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A Properly Drafted Indemnity Agreement May Keep You Out of Trouble. Indemnity agreements are powerful tools. Because of them, you or someone else may not face liability for some transaction, making involvement in a transaction more attractive. No matter which end you’re on, care must be taken when drafting these agreements.
An indemnity agreement may stand by itself or be part of a larger contract. It may cover you, a party to the contract, or a third party. If you’re the one who’s subject to the agreement, it’s considered a second-person liability.
The parties to an indemnification agreement are the following:
- Indemnitor or guarantor: The party agreeing to hold another party harmless
- Indemnitee: The person getting the benefit of the agreement
If you think this kind of provision would protect your business or the other party wants such a provision in place, call our office. This isn’t something you should draft or negotiate yourself, especially if the potential claims are substantial.
Do the Parties Want a Broad or Narrow Agreement?
When drafting these provisions, you have to decide how narrow or broad you want it to be. These agreements may be narrowly drafted covering specific individuals or broadly written covering many people such as a company’s officers, directors, or employees.
If the indemnitor later challenges this part of the contract, there could also be provisions for the indemnitee to recover costs if they need to defend themselves in court.
The indemnification could be complete or limited:
- There could be a threshold over which you (the indemnitee) would face liability, but there’d be no liability if the issue is less than that
- The contract could be the opposite. You agree to cover potential liabilities up to a certain amount
- The indemnification may also last a specific time, such as up to the contract’s termination or a certain number of days, months, or years
- Indemnification may not apply if an indemnitee knew of fraud or misrepresentation before an agreement or transaction took place
- It may cover only specific legal claims
Whether you want a broad or narrow contract usually depends on which party you are. An indemnitor will probably want to limit the agreement, while the indemnitee will want as much protection as possible.
Who Decides What When Defending a Claim?
If you’re the indemnitee, part of the agreement should state the indemnitor must defend claims and be responsible for defense costs. This goes beyond pure indemnification, which could mean the indemnitee isn’t accountable for a jury verdict, but they’d still have to defend a claim.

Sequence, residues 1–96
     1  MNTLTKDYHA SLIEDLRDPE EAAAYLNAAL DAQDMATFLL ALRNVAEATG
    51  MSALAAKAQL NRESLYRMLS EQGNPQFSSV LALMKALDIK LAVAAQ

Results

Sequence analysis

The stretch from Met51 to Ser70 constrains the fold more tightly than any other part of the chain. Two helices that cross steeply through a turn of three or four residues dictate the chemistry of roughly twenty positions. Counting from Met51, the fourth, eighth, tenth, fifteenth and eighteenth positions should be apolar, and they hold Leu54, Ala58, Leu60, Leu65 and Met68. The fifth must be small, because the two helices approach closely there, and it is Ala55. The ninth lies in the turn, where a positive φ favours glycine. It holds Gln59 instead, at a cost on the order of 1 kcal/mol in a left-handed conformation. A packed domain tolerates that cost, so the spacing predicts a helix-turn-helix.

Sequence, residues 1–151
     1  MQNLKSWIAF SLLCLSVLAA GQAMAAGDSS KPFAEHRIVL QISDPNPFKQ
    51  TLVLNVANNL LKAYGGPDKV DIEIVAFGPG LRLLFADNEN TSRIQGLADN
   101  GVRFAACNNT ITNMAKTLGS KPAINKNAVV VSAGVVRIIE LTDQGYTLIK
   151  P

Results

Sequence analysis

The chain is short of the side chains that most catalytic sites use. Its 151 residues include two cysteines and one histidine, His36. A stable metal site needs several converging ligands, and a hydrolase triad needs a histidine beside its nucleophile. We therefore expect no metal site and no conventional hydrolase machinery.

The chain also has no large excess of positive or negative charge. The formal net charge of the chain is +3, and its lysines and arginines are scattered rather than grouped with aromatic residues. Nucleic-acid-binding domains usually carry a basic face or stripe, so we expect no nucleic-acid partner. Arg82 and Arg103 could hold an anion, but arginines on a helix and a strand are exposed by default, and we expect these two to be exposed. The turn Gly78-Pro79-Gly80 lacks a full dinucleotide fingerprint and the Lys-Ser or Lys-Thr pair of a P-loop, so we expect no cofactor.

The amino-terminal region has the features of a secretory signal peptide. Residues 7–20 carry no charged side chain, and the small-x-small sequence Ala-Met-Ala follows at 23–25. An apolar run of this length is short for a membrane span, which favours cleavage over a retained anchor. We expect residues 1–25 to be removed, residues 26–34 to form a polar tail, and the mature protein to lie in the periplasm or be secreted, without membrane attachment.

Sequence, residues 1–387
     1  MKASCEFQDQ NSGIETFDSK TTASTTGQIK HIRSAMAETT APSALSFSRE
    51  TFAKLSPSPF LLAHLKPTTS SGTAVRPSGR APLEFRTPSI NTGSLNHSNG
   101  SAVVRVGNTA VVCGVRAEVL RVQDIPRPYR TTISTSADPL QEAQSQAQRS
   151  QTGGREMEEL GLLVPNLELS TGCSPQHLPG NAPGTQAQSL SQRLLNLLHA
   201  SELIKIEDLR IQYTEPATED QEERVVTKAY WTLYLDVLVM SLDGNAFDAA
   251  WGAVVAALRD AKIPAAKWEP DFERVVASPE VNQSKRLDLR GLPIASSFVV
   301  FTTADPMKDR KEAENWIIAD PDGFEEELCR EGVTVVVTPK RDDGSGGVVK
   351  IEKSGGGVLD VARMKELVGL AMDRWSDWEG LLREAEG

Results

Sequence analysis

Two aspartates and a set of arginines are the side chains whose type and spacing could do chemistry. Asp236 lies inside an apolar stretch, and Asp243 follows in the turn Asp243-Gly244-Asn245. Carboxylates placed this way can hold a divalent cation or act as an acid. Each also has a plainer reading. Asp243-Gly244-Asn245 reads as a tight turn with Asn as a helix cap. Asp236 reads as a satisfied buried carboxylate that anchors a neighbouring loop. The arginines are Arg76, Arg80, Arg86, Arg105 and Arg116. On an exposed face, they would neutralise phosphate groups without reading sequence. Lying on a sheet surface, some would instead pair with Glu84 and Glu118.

Which party controls the defense of claims can be a significant dispute between the parties. The indemnitor may want to call the shots on how a claim’s defended and settled to reduce its costs. But since a lawsuit could present a major burden on the indemnitee’s business in time and energy, they may be more willing to settle and resolve the issue early.
Notice Provisions Are Important
Contract language concerning notice of a potential claim is essential to both parties:
- Prompt notification is needed to give the indemnitor enough time to analyze the potential liability, decide if tendering a defense is appropriate, and preserve its defenses
- The notice provision should state what information is in the notice, so the indemnitor knows what’s going on
- The indemnitor should be required to respond to the indemnitee within a given time. This way, they’ll know if they need to defend the claim and potentially bring legal action against the indemnitor to enforce the indemnification agreement
These are issues that are subject to negotiation. The indemnitor will probably argue that if it’s paying for possible liability, the least thing the indemnitee can do is provide a detailed notice as quickly as possible.
If Indemnification’s an Issue, Get the Legal Help You Need From an Attorney You Can Trust
Tony Liu is an attorney representing businesses in Southern California. He helps them draft, negotiate, and execute contracts. Tony can also help if conflicts arise after a contract’s finalized. Call him today at (714) 415-2007 or click here to schedule your free consultation.